Saturday Skit: Give ‘Em God

The following is a scene from a larger one-act play I’m writing called GIVE ‘EM GOD. It’s about my experiences leading worship and growing up inside the church (very much still a work in progress). I’m hoping to have it finished as a final project for my playwright course in a couple weeks.

GIVE ‘EM GOD: Scene 5

College Nights

(Spotlight over YOUNG TAD and YOUNG DEBORAH, sitting on the floor in the corner. They are outside. YOUNG TAD is smoking. The Moonglows’ “Ten Commandments of Love” plays quietly in the background, repeating if necessary.)

YOUNG DEBORAH: I guess… I never really thought about it.


YOUNG DEBORAH: Yeah. You know. You grow up in the church and learn not to question things. Certain things.

YOUNG TAD: So you just—

YOUNG DEBORAH: Shut it out, really.

YOUNG TAD: And here you are in college, and your professors tell you differently.

YOUNG DEBORAH: I guess so.

YOUNG TAD: Before you didn’t think much about it.  Now you have to think about it. That right?

YOUNG DEBORAH: It scares me. What if they’re right and biology and evolution and big bang and… explains all this? It’s Santa Claus all over again. How fashionable… lying to children. Somedays I do feel I’ve lost my faith. But I look everywhere for it. The cupboards, the closet, under the bathroom mat. The toaster if I’m hungry. Lord. Somedays I don’t find it. 

YOUNG TAD: Your problem, stranger, is that you never had any faith at all.

YOUNG DEBORAH: Well! Excuse me? How dare—

YOUNG TAD: You had your parents. Your pastor. You had your youth group and Christian summer camps. Everything ever taught to you was force fed, but only you didn’t know so you gladly took it.

YOUNG DEBORAH: I have faith, damn it.

YOUNG TAD: No. No. I don’t think so.

YOUNG DEBORAH: Because I have doubts I have no faith?

YOUNG TAD: Doubting is as crucial to faith as air is to breathing.


YOUNG TAD: You’re on your own, you see? Hearing things, different things. Realizing God, your god, cannot possibly exist in this New World. And how could he? Force fed, yes.

YOUNG DEBORAH: So god is a creation of man. You sound like my professors: God was invented to keep children like us from doing drugs and screwing. Of course the opposite happened.

YOUNG TAD (jovial:) Yes!

YOUNG DEBORAH: Don’t you lead worship every Wednesday morning in chapel?

YOUNG TAD: I thought I’ve seen you around.

YOUNG DEBORAH: You sing well. Though, I’m confused. I don’t…

YOUNG TAD: As I said. You had no faith to begin with.

(YOUNG TAD stands and faces the audience.)

The god we learned about as children never existed. I’m sorry, but he didn’t. An heirloom, maybe, but a fabrication. Handed down like an old sweater, generations and generations, keeping us warm at night, in the dark, in the pouring rain, in new lands and in old. To me, he was comfortable and familiar. But I had to give him up. So I threw him away.

YOUNG DEBORAH: And yet you sing His praises.

YOUNG TAD: No. No. No, no. Stranger, God exists. Just not the one you were taught about.

YOUNG DEBORAH: You some sort of Mormon?

YOUNG TAD: Worse. Baptist.

YOUNG DEBORAH: Ahhh. I see, and that explains the drinking and the smoking.

YOUNG TAD: Throw away your God. Everything of him! The god you fit inside your head, the god you explain, or approach with a plan, or impress, or vote in a presidential election, or kill in the name of, that is no God. We melted our gold and bore it into a calf; we worship it because in it we see ourselves. Our reflection. Don’t you see?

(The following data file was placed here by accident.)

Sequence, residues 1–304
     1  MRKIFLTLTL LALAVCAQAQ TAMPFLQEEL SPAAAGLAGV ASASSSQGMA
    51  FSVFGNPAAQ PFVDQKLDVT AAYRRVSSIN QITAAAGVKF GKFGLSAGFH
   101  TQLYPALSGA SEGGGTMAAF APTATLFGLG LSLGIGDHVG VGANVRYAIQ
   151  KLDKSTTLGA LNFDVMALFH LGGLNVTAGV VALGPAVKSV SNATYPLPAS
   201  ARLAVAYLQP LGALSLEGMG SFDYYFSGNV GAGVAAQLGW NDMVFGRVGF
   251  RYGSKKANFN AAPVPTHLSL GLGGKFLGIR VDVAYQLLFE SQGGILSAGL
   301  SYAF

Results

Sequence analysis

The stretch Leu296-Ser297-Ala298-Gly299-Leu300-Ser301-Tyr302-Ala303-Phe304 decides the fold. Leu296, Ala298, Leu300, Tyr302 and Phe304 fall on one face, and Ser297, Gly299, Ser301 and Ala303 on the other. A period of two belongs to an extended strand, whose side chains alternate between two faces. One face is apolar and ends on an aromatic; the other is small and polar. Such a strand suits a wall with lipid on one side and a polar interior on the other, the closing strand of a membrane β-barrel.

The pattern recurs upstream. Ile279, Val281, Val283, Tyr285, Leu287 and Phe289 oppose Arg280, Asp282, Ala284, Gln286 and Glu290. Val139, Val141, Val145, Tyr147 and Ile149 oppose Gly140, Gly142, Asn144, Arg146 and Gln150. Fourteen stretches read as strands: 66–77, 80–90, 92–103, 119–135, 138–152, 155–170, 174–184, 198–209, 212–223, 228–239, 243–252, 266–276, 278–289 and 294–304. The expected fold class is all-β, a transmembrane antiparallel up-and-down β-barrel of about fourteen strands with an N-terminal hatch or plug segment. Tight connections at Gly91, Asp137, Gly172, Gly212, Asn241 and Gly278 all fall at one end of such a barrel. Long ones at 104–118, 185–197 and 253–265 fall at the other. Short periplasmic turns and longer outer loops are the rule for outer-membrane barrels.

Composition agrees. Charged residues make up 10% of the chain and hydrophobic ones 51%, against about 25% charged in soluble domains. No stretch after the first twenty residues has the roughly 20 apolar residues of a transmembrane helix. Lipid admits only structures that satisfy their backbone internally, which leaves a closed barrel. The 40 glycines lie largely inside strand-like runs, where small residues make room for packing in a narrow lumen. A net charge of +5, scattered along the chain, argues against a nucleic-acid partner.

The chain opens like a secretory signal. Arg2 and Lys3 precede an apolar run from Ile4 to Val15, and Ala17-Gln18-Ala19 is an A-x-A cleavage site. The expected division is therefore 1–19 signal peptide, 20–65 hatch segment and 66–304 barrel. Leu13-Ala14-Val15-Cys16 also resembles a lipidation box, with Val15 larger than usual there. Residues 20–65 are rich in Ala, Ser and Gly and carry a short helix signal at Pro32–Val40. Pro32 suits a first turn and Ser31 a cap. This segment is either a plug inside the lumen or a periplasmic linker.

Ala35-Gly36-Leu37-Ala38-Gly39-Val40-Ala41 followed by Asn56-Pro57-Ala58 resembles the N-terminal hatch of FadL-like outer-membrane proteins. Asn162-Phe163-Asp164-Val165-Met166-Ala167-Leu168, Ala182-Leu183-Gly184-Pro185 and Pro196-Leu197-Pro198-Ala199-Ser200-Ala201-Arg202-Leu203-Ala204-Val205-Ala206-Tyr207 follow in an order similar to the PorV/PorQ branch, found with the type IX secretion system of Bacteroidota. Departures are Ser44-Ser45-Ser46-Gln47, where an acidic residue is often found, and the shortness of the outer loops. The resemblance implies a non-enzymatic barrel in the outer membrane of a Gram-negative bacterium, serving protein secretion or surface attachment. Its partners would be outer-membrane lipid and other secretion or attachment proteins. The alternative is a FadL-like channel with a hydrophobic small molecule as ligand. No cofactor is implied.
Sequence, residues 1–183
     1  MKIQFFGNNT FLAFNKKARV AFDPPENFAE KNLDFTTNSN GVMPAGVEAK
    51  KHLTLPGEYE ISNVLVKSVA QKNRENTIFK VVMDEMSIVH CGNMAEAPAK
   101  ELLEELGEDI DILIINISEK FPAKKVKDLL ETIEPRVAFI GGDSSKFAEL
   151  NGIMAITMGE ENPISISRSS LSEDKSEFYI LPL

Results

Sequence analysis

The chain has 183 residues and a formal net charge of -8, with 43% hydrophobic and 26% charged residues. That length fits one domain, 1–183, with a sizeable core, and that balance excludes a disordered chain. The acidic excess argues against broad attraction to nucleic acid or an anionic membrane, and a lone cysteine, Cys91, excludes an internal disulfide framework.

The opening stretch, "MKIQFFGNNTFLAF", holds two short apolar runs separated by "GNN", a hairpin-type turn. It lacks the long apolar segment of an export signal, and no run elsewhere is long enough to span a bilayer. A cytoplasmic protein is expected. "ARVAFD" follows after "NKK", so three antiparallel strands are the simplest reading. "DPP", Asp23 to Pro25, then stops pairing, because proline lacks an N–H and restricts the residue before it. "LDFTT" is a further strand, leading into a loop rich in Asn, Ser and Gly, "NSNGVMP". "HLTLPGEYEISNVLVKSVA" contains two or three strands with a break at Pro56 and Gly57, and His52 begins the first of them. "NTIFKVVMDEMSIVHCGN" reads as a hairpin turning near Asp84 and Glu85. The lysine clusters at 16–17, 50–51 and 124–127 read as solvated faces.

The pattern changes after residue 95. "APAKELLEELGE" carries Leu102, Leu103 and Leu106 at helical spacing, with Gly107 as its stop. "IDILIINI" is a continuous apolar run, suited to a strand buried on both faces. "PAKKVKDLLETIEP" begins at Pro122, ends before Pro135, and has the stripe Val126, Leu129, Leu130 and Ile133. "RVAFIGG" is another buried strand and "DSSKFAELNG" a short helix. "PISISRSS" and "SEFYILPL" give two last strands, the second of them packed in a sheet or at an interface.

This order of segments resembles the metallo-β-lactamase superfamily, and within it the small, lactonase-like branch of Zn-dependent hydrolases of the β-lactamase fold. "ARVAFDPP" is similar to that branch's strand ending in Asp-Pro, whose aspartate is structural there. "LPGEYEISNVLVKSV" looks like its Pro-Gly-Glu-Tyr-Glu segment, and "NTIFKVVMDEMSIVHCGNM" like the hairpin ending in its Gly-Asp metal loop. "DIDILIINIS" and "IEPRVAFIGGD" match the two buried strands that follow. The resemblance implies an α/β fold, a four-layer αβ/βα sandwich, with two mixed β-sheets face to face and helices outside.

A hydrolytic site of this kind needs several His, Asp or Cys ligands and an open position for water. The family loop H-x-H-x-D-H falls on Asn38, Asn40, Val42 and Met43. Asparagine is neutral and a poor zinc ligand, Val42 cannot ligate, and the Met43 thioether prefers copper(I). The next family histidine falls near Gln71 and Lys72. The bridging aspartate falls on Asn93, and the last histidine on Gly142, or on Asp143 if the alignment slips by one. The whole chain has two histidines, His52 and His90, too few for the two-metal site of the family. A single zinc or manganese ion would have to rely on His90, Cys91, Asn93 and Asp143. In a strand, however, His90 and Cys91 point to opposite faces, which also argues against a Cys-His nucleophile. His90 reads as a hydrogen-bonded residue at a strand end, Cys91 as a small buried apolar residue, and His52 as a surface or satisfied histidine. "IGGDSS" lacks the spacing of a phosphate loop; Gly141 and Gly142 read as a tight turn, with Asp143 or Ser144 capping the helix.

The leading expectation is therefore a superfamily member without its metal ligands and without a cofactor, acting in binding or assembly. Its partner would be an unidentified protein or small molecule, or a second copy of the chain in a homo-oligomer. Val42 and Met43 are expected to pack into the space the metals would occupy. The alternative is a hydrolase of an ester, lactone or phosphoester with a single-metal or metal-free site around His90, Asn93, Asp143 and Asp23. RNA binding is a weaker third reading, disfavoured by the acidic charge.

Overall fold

(YOUNG TAD relights his cigarette and sits down.)

And that’s why you have no faith. Our God, the real, the true, the thing we can’t describe or even assign a name to, he/she/it can’t be contained—not even by a Bible. And that’s why I sing.

(“The Ten Commandments of Love” is heightened in volume.)

I’m Tad, by the way.

YOUNG DEBORAH: Deborah. And I think you’re crazy.

YOUNG TAD: Just a tad.

(They shake hands but don’t let go. Music continues. Lights fade slowly. End of scene.)



  1. Intriguing. Very theological. I found myself wondering about their “back story”. What happened in Deborah & Tad’s life to lead them along their particular journeys of faith? Maybe you address this in the rest of the play.

    Keep up the good work.

    1. Thanks, Tony! I’m glad you like it. Some scenes are very theological, some aren’t. I don’t want to clobber people over the head with it, you know? This is actually a “flashback” scene (hence, Young Tad). So, in a sense, this is the back story. The play will have a few of these.

      Thanks for the encouragement. 🙂

  2. This is stunning, in both sense of the word. I can’t wait to read more. These characters are real. Thanks for writing this. I’m glad you’ve been writing more creative things lately.

  3. I want more! You have me hanging. I’m loving where you’re going and want to travel along. By the way…..Deborah, raised Baptist? Dare I flatter myself and think you might be drawing from a family member???
    Keep working on this, Kevin. 💗

    1. Thanks! I’m glad you like it.

      It was actually Tad who was raised baptist. 😦 However, you could say I’m drawing inspiration from everywhere. This is a tricky piece. We’ll see how the rest plays out.

Don't be bashful (reply!)

Fill in your details below or click an icon to log in: Logo

You are commenting using your account. Log Out /  Change )

Twitter picture

You are commenting using your Twitter account. Log Out /  Change )

Facebook photo

You are commenting using your Facebook account. Log Out /  Change )

Connecting to %s